Category Archives: Image Comics

‘Black Road Volume 1: The Holy North’ Review


I’ve never been huge on vintage tales riddled with warriors and religious types, but Image Comics, and more specifically, writer Brian Wood and artist Garry Brown have got me questioning my previous opinion. Black Road Volume 1 is nothing short of amazing.

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Prepare for a Brand New Tale from ‘The Street Angel Gang’!


If you’re digging everything about The Street Angel Gang, then get ready for a summer time gift of greatness. Image has our backs, and that means a brand new tale from Jim Rugg and Brian Maruca!

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Steve Niles Arrives in ‘Winnebago Graveyard’ This June


Steve Niles has so many stellar stories under his belt you can literally name just about anything he’s done and it will not only be a quality book, it might also ring a bell. Here’s a little one you might know: 30 Days of Night.

Yeah, that Steve Niles!

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‘Rat Queens’ Back to the Printers Due to Fan Demand!


Image and Shadowline are answering calls from fans: We want more Rat Queens!

The good folks in control of this beautiful books have heard our pleas, and I’m stoked to say they’re doing everything they can for comic fans: Rat Queens #1 is headed back to print!

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‘Saga: Book Two’ Arrives in April in a Deluxe Hardcover!


If you’re a huge Saga fan, or if you just love all things created by Brian K. Vaughan and Fiona Staples, you’re most certainly going to want to keep your eyes open, as we fans are going to be gifted something special in April!

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‘Ringside Vol. 1: Kayfabe’ Review


I haven’t been a fan of professional wrestling since about 1987. Back when the big American promotion wasn’t WWE, but WWF. Back when Hulk Hogan shredded that yellow shirt… and Jake the Snake brought that terrifying sack out to the ring with him… and the Ultimate Warrior exploded into a fireball of energy and popularity. It’s been that long for me. But that doesn’t mean I don’t love a great wrestling film (Darren Aronofsky’s The Wrestler was a heartbreaking masterpiece), or a great wrestling book, like Ringside Vol. 1: Kayfabe.

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‘Birthright’ Volume 1: Homecoming (Review)


Little Mikey is just playing ball with his old man. It’s a slick way to keep the boy distracted while mom stayed back at home and prepared his big birthday bash. But it doesn’t look as though Mikey’s going to be enjoying that party… as he’s gone – poof – completely missing. So begins a tale of adventure, mystery, terror and familial love.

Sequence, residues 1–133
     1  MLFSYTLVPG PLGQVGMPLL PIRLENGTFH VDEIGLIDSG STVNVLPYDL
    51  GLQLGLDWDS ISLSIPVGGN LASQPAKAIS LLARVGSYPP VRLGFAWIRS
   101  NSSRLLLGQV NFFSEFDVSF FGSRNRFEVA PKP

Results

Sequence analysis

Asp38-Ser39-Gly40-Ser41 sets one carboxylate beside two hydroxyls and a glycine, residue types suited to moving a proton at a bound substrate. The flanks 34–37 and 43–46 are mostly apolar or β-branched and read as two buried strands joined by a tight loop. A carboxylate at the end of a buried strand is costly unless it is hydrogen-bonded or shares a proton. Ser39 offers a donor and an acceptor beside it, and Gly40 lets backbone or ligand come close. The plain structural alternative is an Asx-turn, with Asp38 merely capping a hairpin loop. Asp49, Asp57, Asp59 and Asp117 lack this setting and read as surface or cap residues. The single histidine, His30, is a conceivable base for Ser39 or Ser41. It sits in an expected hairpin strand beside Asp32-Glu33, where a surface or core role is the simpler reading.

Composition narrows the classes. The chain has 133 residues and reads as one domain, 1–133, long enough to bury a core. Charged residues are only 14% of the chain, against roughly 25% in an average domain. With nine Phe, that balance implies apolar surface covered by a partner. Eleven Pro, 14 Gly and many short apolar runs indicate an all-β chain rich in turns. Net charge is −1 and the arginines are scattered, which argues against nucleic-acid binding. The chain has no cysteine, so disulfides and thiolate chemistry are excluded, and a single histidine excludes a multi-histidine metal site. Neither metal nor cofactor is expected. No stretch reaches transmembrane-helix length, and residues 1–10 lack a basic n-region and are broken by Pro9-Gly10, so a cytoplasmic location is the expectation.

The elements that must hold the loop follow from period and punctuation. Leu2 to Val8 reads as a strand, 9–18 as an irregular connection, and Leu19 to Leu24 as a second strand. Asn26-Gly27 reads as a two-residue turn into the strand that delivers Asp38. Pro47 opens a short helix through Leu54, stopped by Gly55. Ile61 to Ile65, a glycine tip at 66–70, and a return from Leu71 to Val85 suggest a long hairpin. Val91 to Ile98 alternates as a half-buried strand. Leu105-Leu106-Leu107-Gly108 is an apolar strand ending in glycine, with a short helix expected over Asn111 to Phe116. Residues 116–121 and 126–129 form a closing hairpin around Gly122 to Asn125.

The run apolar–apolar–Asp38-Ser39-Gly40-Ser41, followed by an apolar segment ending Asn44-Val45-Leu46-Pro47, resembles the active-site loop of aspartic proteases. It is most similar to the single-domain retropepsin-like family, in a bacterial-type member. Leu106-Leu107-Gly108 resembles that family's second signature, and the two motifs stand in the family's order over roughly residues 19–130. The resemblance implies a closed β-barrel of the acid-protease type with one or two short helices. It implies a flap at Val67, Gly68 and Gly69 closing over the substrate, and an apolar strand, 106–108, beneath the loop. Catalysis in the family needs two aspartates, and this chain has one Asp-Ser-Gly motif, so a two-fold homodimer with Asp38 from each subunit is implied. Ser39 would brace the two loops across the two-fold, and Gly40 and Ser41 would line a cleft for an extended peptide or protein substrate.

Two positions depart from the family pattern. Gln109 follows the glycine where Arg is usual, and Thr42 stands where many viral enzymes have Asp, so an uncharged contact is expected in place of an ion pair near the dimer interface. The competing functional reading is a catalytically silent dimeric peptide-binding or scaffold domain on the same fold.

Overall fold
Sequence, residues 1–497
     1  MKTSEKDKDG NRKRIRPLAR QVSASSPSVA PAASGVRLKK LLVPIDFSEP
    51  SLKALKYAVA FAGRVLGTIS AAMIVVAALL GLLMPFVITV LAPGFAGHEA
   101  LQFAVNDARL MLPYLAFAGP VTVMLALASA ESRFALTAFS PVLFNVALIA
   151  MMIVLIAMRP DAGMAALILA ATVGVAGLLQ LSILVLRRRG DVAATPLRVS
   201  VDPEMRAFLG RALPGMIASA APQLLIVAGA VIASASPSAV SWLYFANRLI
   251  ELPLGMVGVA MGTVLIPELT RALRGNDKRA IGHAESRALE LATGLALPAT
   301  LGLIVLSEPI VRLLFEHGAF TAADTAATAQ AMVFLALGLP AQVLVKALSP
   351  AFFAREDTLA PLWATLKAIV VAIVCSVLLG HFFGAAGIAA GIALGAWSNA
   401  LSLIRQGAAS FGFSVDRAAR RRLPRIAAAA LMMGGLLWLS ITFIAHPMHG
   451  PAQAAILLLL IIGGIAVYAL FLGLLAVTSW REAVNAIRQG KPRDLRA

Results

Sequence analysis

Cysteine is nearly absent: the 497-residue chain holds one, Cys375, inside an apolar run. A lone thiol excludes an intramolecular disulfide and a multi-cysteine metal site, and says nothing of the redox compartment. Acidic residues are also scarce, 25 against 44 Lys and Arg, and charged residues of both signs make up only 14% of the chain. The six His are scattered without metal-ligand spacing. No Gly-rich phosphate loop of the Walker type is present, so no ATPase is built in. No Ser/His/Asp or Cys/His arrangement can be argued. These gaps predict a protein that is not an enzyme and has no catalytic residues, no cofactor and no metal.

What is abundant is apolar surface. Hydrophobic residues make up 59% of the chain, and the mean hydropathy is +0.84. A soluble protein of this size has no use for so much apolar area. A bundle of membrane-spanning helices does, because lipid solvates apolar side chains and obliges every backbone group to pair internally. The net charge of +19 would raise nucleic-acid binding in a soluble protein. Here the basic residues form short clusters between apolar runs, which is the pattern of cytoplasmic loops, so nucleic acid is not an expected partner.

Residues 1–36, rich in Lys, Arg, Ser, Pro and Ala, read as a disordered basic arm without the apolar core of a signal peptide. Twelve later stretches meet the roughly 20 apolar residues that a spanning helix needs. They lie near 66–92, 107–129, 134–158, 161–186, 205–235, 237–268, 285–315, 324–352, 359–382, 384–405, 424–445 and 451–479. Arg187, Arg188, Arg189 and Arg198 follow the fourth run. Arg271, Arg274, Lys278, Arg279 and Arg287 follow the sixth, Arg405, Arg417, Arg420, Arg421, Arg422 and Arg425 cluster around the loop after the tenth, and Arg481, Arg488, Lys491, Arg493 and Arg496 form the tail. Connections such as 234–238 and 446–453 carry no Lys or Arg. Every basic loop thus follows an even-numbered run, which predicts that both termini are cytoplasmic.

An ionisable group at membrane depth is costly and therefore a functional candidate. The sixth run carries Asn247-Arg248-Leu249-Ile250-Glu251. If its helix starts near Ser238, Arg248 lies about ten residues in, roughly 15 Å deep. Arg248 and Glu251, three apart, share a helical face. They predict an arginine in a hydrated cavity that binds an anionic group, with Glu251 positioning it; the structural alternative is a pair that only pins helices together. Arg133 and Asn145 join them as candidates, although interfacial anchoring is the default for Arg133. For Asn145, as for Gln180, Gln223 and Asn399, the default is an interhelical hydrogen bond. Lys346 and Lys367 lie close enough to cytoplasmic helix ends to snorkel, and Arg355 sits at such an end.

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A Brand New Paperback Can’t Keep Officer Downe


If you’re unfamiliar with Image’s amazing title, Officer Downe, you’re missing out on one of the stronger titles on the market today. But fret not, you’ll soon be able to sag a gorgeous paperback loaded with plenty of extras.

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Deadly Class Book 1: Noise Noise Noise (Review)


If the X-Men all got together, hammered some cool beverages, “accidentally” stumbled into free rooms and bumped uglies, subsequently pumping out little Suicide Squad babies, you’d have an uglier rendition of Deadly Class (Book 1). And, as insane as that sounds, it really is kind of accurate.

This sprawling story focuses on an assortment of troubled teens who find themselves recruited into a private school (complete with an ancient cousin of Professor X), far off the radar. This school isn’t designed to help your reading, writing and arithmetic however, this is school is designed to turn rogues into highly skilled professional assassins.

It’s an insane concept to work with, and although the book borrows a few ideas from a few major titles, Rick Remender’s narrative is infectious, complex and unique enough to suck readers into the morbid vortex inhabited by youthful assassins. With each page that passes in this beautiful collection only becomes more curious, until the answers finally begin trickling in, and readers are left to assemble a few severely damaged lives.

At the heart of this top notch piece is a somewhat simple coming of age tale, and I love that about it. Don’t get me wrong, the violence and brutality of the book is gratifying, but the more personal elements are where the magic really lives. The love, the loss. The loyalty, the betrayal. These are things we’ve always dealt with in the real world, and they’re issues that make up a prominent slice of a teenager’s life.

Wes Craig’s artwork is excellent, often mixing up clean, precise images with frantic illustrations to further enhance Remender’s story. The two work well together, and the book is nothing short of absolutely magical.

Highly, highly recommended!

You can look into it right here.

Rating: 5/5

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